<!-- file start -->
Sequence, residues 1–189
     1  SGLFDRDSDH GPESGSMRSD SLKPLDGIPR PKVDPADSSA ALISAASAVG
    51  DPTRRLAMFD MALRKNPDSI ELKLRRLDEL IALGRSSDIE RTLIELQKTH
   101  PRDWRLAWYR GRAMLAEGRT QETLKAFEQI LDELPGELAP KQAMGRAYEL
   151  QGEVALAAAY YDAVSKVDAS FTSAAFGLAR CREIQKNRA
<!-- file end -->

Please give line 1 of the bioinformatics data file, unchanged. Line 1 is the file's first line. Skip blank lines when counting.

Sequence, residues 1–189